The industry is expecting more diversity. For example, the port city of Dalian is the trading hub for China’s northeast, itself a famed region for the production of various kinds of agricultural produce such as corn and soybean, and DCE is built on this heritage. Yet, DCE offers only iron ore futures for international investors for now.

“There are plans to broaden the product offerings to palm oil contracts as well, although the exact timing isn’t firmed up for now,” says Li Ning, the exchange’s chief representative to Singapore. “The reason why palm oil is considered is because of the familiarity of this agriculture product among the business and investment community in Southeast Asia,” he adds.

In the meantime, savvy traders have been able to profit from the active trading. Following the initial impact of Covid-19 earlier this year, China’s V-shaped recovery can also be seen in its commodities market. Rubber prices quoted on the INE grew more than 11% from RMB10,370 ($2,075) per ton on June 9 to RMB11,560 per ton on Sept 7. “You just need to see the price of rubber sometimes to see if the economy is picking up,” says Yeo.

Even so, investors need to keep in mind that commodities trading, at the end of the day, is still underpinned by the needs of the real economy. Case in point: as the world’s top importer and consumer of iron ore and TSR20 rubber, China is vying to become the price-maker and not price-taker for these products.

“Whatever is available in China is always in RMB. Contracts out of China are in USD. It’s a tug of war. The producers want it in USD, so it depends on who has the eventual say,” says Yeo. But for now, “it’s still a transition period”.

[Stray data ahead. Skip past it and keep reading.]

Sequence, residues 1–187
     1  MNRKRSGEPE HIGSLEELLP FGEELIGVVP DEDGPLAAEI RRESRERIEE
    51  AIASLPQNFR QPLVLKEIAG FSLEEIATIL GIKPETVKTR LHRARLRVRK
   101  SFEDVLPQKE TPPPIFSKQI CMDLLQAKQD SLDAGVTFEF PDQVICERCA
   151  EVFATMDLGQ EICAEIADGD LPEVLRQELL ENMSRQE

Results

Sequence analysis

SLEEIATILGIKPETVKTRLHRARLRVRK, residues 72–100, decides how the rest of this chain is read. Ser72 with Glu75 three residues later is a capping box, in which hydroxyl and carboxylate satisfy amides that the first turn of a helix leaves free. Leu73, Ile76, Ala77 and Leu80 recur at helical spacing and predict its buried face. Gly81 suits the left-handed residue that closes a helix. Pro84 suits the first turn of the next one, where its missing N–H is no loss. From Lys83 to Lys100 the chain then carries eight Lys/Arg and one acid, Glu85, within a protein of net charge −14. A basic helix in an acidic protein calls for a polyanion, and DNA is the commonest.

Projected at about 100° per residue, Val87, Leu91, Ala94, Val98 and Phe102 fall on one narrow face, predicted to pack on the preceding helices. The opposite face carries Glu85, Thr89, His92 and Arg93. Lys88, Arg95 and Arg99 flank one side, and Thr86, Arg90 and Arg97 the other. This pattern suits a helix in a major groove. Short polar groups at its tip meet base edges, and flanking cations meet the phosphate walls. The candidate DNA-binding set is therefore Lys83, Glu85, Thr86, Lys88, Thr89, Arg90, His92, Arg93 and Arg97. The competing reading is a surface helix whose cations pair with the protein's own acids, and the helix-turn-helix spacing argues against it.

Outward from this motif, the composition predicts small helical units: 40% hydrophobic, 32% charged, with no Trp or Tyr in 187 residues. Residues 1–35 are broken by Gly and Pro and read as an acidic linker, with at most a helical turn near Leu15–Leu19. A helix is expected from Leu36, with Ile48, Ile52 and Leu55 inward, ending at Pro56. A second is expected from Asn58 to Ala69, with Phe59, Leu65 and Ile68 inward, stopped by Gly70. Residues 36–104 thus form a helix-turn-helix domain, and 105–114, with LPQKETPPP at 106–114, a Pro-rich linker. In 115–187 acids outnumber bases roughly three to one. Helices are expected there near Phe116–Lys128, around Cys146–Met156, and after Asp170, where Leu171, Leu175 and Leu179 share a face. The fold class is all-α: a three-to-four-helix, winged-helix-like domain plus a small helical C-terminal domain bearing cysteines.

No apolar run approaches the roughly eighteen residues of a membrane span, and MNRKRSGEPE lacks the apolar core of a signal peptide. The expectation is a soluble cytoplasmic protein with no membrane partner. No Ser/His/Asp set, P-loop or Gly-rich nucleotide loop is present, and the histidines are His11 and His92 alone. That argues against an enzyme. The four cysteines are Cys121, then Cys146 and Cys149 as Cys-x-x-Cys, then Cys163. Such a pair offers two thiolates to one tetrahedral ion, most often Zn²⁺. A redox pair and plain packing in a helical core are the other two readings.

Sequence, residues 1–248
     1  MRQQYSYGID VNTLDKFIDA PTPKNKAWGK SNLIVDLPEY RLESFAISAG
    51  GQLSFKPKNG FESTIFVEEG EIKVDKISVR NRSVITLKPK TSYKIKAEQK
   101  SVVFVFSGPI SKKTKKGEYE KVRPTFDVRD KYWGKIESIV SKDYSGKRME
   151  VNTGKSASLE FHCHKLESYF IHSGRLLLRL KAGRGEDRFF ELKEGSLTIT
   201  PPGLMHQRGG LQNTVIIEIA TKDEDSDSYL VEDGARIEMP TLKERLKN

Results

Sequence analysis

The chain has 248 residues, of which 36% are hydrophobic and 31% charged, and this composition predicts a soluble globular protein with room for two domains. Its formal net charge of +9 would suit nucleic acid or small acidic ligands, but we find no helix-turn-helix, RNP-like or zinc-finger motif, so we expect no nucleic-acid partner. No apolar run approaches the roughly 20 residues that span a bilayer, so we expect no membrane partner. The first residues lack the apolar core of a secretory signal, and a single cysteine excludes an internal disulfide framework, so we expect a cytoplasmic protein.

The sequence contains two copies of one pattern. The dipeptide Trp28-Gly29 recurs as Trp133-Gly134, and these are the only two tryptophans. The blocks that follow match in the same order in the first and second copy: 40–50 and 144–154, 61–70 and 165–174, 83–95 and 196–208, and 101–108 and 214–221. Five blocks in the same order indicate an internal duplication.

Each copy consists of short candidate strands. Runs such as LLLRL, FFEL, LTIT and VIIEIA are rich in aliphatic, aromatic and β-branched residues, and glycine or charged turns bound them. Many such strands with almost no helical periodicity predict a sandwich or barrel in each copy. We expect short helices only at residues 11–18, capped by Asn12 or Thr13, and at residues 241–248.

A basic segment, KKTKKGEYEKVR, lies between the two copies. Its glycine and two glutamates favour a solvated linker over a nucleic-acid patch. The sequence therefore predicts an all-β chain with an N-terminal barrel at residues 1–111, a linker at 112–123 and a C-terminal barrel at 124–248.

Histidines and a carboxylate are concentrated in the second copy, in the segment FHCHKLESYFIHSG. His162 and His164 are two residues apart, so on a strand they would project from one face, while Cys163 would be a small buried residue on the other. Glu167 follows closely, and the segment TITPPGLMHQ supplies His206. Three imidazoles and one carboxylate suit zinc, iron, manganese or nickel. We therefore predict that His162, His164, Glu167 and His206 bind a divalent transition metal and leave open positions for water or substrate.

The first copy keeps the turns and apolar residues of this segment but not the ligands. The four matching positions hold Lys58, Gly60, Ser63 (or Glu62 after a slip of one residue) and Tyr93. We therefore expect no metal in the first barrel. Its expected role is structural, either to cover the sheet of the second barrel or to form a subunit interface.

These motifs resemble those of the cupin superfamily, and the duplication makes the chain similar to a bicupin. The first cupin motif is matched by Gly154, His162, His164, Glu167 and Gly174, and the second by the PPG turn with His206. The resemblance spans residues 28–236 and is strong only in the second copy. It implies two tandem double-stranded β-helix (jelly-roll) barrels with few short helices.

Now, does China’s growing ambition in commodities trading pose a threat to the Singapore Exchange? SGX is known for its wide range of derivatives products, most notably rubber and iron ore futures, and an institutional investor base.

Yeo observes that there will be some overlaps between the traders in Singapore and China but traders with access to both sides can potentially gain from arbitrage. For example, when rubber prices went up recently, a lot of producers actually sold their physical rubber in China. “In the end, they had to buy [rubber] from the Singapore side, bringing up the prices,” he says.

“We try to connect the two exchanges because they involve the same physical product. How do we connect customers from out of China and help them trade in China?” he adds.

Likewise, the Singapore government has put forth a complementary relationship between exchanges in the two countries. “Companies based in Singapore can seamlessly participate in both exchanges, strengthening our mutual linkages and connectivity. We hope to grow this partnership and there are many win-win opportunities here,” said then-Senior Minister of State for the Ministry of Trade and Industry Chee Hong Tat about the launch of DCE iron ore contracts in Singapore back in 2018.

With the rubber trade as an example, Singapore is a third party — neither the producer nor the consumer, says Yeo. “Singapore really is just a trading hub for rubber… How do we stay neutral so both sides recognise us as a good, relevant benchmark?” asks Yeo. “How can we get everyone to trade in Singapore and stay relevant, even as more and more volume is going to China?”